So, even though the book is getting buzz in the Internet media that are just as accessible in the USA as they are in Europe, people in the USA who want to read it have a harder time getting their hands on it—and if they do buy it, as is the case with the early Harry Potter imports they’re taking money out of the pocket of whoever the eventual American publisher turns out to be.

Or maybe they just take money out of the author’s pocket, period. It took me one minute of searching to find a verifiably real downloadable EPUB of the English translation. It didn’t even require BitTorrent. So if I wanted to read the book without paying for it, I could start right now. As we’ve mentioned time and again, windowing only serves to promote piracy. Even the Big Six publishers realized that when they decided to implement agency pricing.

Publishers need to start getting their acts together, and forge partnerships with foreign publishers if they can’t world-publish themselves. The book has already been translated into English, so it’s not as if it would need to go through another edit pass. They just need to get it printed and into the distribution system. And ideally they should figure out how to do that quickly, so they can strike while the iron of publicity is hot. Who’s even going to remember the publicity about this book by the time it finally does come out in the USA?

Indeed, why do they even need a publisher at all, as opposed to a local printer with a distribution deal? We have the technology to do that now. Books can be printed on demand anywhere in the world there’s a printer capable of downloading the book file. And e-books, of course, can be downloaded from anywhere. It shouldn’t be necessary to go through a whole other corporate entity, including granting that entity a chunk of the book’s retail price for simply acting as a distributor of a work that’s already been translated and edited. But I suppose that’s just not the way things are done, and the built-up accumulation of business practices over the decades still limits publisher flexibility in that way, as it has lately in so many others.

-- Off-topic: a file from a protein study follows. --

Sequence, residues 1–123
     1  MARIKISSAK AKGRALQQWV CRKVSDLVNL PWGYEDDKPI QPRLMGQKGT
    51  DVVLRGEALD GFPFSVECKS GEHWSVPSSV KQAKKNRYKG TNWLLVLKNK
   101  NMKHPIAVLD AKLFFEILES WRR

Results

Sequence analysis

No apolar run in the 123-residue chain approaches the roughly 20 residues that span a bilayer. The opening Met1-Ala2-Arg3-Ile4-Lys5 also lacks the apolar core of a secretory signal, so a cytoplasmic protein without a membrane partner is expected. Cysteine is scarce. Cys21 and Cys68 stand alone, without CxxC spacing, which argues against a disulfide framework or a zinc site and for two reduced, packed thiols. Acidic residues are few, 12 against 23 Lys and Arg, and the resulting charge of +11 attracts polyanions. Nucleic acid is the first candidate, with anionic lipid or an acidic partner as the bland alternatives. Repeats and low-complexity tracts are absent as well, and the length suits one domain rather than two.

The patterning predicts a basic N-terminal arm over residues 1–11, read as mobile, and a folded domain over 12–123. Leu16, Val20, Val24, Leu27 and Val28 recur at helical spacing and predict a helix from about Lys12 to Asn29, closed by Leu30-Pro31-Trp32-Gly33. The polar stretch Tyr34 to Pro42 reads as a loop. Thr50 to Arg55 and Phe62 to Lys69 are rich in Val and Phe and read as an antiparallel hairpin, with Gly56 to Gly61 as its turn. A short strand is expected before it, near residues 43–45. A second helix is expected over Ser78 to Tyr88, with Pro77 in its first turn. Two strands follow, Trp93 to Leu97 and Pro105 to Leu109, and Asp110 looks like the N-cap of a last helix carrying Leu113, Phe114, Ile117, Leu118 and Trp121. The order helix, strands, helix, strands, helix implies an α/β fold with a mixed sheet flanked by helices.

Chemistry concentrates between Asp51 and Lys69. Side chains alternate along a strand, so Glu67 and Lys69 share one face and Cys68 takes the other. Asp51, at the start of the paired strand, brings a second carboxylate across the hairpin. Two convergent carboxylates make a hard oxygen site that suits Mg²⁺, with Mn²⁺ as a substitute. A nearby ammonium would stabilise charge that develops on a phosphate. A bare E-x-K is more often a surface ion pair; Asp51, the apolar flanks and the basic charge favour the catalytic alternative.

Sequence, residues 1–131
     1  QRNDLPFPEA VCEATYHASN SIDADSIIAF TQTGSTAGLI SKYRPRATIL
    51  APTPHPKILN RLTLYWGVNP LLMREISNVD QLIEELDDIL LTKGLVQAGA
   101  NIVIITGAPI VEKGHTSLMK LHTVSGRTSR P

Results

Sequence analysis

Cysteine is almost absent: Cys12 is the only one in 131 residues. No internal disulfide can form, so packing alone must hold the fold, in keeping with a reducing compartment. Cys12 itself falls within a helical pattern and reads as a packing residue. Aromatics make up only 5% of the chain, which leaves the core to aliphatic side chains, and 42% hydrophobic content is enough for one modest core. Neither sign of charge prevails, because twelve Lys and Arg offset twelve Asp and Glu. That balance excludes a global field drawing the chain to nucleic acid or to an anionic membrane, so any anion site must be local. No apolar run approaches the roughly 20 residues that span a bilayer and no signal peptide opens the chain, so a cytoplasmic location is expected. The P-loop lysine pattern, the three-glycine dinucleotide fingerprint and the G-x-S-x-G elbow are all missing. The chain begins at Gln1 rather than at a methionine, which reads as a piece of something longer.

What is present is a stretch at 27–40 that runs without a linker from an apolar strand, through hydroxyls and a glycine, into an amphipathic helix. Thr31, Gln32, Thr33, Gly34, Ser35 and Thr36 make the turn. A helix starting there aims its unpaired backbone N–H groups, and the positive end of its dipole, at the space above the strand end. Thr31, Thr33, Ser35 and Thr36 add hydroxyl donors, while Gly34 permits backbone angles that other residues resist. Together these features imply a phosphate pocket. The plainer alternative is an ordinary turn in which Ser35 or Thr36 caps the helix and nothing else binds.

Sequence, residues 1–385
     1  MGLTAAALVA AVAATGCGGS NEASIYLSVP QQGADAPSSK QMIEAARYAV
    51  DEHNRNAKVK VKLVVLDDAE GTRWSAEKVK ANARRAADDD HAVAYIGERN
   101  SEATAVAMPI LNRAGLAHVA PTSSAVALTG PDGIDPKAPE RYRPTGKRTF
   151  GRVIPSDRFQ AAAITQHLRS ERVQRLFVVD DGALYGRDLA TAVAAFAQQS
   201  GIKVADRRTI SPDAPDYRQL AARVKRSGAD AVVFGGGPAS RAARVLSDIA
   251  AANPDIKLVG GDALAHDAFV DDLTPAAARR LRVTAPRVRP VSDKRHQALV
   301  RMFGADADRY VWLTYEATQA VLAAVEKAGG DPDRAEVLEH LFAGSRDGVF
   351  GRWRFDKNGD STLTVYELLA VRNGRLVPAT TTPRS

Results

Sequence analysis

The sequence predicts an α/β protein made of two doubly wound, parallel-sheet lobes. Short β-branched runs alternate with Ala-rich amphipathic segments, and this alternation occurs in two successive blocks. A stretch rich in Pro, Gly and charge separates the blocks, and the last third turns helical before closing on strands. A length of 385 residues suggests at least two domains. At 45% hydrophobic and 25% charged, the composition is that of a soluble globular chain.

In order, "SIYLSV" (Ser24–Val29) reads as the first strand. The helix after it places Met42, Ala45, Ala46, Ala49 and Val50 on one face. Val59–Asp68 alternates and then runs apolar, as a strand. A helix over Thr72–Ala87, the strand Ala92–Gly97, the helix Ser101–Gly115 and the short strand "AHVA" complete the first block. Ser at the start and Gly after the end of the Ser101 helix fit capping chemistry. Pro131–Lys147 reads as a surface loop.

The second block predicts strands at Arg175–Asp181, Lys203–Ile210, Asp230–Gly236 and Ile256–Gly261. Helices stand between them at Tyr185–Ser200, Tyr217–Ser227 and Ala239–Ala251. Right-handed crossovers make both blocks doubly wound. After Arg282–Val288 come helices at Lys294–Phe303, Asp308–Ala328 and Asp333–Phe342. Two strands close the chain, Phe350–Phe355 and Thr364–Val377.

So perhaps the book is ironic in that way, too. The distribution of a tale of Hitler reawakening in the modern era runs up against problems fomented by an industry whose business practices haven’t changed substantially since the real Hitler was alive.


  1. I agree with the general point on windowing and that publishing need to act quicker. But to say

    “Publishers need to start getting their acts together, and forge partnerships with foreign publishers if they can’t world-publish themselves”

    is jaw-droppingly ignorant of the publishing process. This is, in fact, what they try to do. MacLehose Press owns world English rights http://www.melleragency.com/shared/autordetail.php?leng=en&open=2&autor=238 and that they haven’t sold it into the USA is not for lack of trying. It is just that no one has bitten yet. They ostensibly have a US office as they are owned by Quercus, but as they are in the midst of being sold to Hodder, everything would be on hold.

    Yes, they could probably bring the book out in p.o.d. and in ebook, but there is a business decision to make here. Selling the rights to a US publisher would probably make them more money – and crucially have far less risk – than either going through traditional channels, p.o.d. or digital only.